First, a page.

Your Employee Handbook: The Introduction
Before you begin writing your handbook, one note of caution:
Be sure to have an attorney who is an expert in the field of employment law review your handbook to be certain that there is nothing in it that could cause you problems. Paying an attorney to provide this review could save you from including something that could be misunderstood by a reader.
The Introduction to your Employee Handbook is more than just a few words about your company. It lets your employees understand the importance of the handbook and includes an area for employees to sign to acknowledge they have read the handbook. Here is more information about what the Introduction section includes:
- The History of Your Business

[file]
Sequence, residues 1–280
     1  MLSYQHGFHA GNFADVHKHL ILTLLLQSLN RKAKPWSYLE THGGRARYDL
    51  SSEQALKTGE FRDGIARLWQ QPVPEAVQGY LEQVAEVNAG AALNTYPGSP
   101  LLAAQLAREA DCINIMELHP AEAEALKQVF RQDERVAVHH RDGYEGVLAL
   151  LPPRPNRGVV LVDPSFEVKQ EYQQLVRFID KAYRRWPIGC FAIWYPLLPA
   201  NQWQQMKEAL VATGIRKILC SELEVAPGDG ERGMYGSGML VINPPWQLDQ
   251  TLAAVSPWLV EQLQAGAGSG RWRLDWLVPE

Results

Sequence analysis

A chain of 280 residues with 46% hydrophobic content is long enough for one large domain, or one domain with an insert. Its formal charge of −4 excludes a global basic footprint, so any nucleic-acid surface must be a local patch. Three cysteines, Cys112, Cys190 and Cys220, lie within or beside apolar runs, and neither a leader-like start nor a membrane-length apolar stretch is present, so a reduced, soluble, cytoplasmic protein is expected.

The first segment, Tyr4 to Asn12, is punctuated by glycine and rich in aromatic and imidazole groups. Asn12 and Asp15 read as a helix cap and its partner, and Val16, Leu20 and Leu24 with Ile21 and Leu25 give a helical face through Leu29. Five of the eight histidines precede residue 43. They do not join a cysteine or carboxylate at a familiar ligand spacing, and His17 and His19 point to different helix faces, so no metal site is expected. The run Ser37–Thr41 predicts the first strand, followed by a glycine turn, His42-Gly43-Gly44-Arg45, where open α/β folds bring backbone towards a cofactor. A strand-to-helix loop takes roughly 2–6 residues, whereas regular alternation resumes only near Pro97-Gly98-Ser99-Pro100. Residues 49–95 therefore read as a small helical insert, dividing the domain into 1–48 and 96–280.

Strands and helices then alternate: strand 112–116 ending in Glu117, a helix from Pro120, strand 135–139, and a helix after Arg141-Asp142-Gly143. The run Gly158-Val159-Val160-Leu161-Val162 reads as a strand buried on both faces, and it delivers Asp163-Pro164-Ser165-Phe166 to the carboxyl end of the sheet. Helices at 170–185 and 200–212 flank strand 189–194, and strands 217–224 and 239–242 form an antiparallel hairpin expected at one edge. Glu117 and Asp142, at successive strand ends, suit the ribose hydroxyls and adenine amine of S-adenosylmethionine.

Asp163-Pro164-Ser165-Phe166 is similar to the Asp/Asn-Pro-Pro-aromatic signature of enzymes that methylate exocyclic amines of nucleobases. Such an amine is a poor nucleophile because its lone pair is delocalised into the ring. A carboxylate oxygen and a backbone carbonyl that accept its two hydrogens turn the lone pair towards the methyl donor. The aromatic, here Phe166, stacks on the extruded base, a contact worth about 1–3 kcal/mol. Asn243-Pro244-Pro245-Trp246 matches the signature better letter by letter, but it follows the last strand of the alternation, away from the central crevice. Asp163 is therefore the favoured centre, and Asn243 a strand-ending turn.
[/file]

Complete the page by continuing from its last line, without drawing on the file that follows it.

Briefly describe your business, including how it began and significant events in its history.
- Your Statement of Purpose or Mission Statement.
If you have created a vision or mission statement for your business, discuss it here. Stating your vision helps employees see what you believe in, and gets them excited about working for your company.
- Welcome Letter
Include a welcome letter, speaking directly to employees and letting them know how important you think they are to the organization.
- Statement of "This is not a Contract"
In your welcome letter or a separate statement, provide a statement to let employees know they aren't being given any guarantees:
"This Handbook does not constitute a contract of employment, nor does it provide any guarantee of employment."
- A Signature Page
Include a statement that all new employees must sign the handbook to show that they have read the document and understand it.
The introduction is an important part of your employee handbook. Be sure your attorney reviews this section in particular.
Disclaimer: I am not an attorney and I am not providing legal advice. This article is being provided for information and should not be relied on. Consult an attorney for this document and all documents of this type.
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